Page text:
New season broccoli and cauliflower will commence this month. It has been a very rainy summer season in Mexico causing lots of mold, undesirable quality, and low yields to both broccoli and cauliflower. The excess rain has also hindered plantings for the new season crop coming on in October/November and processors are struggling to meet their demands.   Most Mexico processors of broccoli and cauliflower are not taking on any new business.  Processors are being very cautious with any available inventories.

Avocado production in Mexico is expected to reduce by 8% compared to last year.  Due in part to less tree productivity as well as insufficient rain amount and high heat in some areas.   International demand for Mexican avocado’s continues to increase.

Raspberry harvest has begun in Mexico with high prices right out of the gate.


Broccoli season continues with good yields and quality due to ample rain needed to grow the crops. 


Coming into fruit season with little or no inventory from last season’s berry crop failures due to heavy rain and frost, Chile is highly anticipating the commencement of their new season crop in November/December. Current prices on all berry fruits are up due to Chile’s crop challenges which now include drought, lack of labor, and high demand worldwide.


Avocado season is completed, and reports are that total production volumes were higher than last year.   Mango prices have risen further due to small fruit size and dry weather conditions resulting in a reduced crop.  The season is now completed, and prices will remain firm.    Asparagus season has commenced.


Green peas and beans remain very short in Europe with no relief in sight.  Heavy rain and hail hit most of Europe and crops (peas, corn, beans) struggled as fields were too wet to harvest.  Both Belgium and the Netherlands had difficulties with producing their crops and expectation is that we will see a 20% or more reduction in yields on many products.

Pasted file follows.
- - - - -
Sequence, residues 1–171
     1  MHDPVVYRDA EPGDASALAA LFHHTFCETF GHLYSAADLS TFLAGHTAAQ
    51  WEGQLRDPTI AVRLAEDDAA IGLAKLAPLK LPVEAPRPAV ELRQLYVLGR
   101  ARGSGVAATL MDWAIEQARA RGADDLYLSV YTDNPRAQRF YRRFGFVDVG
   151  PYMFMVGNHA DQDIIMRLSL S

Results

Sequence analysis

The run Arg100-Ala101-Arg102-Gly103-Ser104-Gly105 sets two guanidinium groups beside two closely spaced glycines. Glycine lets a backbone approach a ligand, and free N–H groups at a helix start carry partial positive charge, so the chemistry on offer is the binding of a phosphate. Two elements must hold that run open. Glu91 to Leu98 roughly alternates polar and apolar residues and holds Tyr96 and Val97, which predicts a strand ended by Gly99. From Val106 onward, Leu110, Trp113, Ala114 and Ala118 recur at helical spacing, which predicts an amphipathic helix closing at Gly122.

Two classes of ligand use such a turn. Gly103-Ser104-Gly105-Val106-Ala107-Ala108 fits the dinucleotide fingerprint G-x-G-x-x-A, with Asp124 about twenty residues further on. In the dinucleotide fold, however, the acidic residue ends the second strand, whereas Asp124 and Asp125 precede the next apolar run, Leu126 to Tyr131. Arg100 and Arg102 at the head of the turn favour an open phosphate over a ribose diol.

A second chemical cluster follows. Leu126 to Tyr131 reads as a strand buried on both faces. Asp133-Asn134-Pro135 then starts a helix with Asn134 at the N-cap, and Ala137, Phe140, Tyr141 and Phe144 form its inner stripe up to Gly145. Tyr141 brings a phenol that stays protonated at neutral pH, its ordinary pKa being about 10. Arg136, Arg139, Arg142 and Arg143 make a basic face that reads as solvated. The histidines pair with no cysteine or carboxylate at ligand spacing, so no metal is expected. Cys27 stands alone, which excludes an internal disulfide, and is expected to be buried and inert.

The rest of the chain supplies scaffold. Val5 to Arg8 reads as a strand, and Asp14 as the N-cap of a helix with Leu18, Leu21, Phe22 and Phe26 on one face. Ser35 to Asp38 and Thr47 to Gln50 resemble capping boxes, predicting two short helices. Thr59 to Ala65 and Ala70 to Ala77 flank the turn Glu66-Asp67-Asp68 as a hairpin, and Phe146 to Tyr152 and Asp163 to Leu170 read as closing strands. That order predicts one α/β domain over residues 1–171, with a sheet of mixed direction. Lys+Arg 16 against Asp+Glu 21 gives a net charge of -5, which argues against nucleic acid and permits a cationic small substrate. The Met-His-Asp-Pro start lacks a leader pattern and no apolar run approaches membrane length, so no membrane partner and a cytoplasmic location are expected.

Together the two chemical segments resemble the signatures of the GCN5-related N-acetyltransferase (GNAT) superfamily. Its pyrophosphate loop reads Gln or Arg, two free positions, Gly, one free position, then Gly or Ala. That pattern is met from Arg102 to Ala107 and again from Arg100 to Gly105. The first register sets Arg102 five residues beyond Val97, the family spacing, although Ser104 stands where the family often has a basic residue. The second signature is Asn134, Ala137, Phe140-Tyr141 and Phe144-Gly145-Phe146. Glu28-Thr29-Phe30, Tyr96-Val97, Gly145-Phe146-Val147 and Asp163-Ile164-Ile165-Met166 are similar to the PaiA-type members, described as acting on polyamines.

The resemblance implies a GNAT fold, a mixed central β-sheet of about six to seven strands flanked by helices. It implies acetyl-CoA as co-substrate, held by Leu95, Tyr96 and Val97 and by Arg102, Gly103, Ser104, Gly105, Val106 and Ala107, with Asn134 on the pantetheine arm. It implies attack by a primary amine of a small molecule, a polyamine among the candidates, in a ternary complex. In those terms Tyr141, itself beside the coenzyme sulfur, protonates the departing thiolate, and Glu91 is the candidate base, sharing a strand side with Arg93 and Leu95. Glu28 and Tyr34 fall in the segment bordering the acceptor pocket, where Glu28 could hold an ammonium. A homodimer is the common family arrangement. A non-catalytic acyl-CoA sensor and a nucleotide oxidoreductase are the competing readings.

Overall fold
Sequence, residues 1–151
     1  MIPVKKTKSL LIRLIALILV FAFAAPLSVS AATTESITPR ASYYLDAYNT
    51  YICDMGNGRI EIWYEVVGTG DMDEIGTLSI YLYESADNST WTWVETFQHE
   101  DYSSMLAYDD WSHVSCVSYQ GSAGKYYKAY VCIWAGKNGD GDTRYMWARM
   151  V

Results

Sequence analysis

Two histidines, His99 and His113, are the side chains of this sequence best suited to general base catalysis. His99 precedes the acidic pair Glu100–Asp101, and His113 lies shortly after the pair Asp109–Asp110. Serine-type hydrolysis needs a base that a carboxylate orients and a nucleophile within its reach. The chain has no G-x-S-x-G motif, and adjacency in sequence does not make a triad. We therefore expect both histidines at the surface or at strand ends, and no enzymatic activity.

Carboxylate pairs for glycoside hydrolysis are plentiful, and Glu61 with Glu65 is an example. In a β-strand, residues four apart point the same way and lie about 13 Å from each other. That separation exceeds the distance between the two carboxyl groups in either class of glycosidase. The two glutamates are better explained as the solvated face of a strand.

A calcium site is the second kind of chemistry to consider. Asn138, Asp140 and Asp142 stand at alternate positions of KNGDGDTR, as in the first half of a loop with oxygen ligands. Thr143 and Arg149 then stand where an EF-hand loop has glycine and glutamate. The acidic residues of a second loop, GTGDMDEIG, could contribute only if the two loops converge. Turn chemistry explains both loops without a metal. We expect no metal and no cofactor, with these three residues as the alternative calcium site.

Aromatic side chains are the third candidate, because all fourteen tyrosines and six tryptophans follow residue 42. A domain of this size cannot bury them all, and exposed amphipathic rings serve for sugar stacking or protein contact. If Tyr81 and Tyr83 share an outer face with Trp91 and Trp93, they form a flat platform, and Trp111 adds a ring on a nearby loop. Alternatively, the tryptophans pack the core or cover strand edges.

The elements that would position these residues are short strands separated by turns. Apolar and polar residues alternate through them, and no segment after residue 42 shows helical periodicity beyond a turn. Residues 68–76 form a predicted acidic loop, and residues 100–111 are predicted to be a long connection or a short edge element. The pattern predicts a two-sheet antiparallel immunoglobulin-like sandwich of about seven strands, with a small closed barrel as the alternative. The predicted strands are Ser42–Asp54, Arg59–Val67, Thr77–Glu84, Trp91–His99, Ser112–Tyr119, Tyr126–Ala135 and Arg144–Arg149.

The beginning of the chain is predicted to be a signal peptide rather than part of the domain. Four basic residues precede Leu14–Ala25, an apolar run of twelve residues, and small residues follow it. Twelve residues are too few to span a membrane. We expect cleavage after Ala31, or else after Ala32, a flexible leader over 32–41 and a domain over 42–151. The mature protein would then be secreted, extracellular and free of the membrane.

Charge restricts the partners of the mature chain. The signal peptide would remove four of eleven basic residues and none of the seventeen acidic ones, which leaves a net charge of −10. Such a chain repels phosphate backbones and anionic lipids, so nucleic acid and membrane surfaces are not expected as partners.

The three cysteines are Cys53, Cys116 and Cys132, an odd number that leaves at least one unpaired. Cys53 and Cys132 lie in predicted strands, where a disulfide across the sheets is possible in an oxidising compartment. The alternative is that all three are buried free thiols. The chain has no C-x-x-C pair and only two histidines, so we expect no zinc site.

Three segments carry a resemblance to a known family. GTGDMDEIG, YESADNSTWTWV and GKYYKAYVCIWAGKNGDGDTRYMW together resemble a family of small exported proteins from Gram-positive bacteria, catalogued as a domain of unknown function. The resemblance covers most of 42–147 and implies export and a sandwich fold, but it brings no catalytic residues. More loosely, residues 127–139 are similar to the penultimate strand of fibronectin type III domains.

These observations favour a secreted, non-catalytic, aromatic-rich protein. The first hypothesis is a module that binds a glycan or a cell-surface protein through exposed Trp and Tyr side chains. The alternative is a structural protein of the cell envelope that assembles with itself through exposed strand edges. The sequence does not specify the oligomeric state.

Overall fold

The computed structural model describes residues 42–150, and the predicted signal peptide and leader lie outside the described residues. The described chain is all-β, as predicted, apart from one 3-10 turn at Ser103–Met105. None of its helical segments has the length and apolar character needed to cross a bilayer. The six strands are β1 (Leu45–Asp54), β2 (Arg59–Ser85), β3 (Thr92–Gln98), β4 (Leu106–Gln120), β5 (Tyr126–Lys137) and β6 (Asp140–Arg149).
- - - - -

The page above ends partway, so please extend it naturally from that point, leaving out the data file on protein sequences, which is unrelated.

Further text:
North Western Europe had one of its most humid summers in the last decade.  Some areas of Belgium and Western Germany experienced historic high rainfall.  Lower yields caused by blight, hollow hearts, and cracks have hindered the European potato crop.  Processors may be unable to meet customers’ expectations unless demand falls short of last year’s production.

Predications mention that European growers could reduce their potato acreage in 2022.   High costs for fuel, fertilizer, chemicals and labor are encouraging growers to plant other crops which benefit from less capital and lower risk.  Some of the strongest grain prices in years is enticing growers to switch from potatoes to grains.

A 2021 spring freeze which struck across Europe has damaged most of the stone fruit crop there.   Cold and rain in Serbia has delayed blackberries, raspberry and cherry crops by about 14 days.    Both Poland and Serbia will see reduction in their berry fruit yields for the 2021 season.   Serbian raspberry crop may see a 30,000-ton reduction compared to previous years and prices for blackberries have tripled.   The countries of Greece, Germany and France all suffered losses of their cherry crop.

News From Japan

Retail sales are doing well with an estimated 20% increase, while on line shopping continues to do very well and growing.  As expected overall foodservice sales are down on average about 21% with most of the major family style restaurants shortening their hours.  Japan’s pubs and izakaya’s are suffering a 90% loss of business.


Raw material pineapple is coming into processing facilities; however, the lack of labor is hindering full output of canned pineapple volume. 


Typhoon Chanthu sweep through China in September.  Damages are reported in Zhejiang and Jiangsu provinces where 60% of the eggplant harvest has been damaged.   Reports indicate that lotus root has also been affected.

Water chestnut season is highly anticipated to commence in November/December as there is currently no suitable inventory.    However, with logistic challenges ongoing it will be difficult to receive product at the start of the season.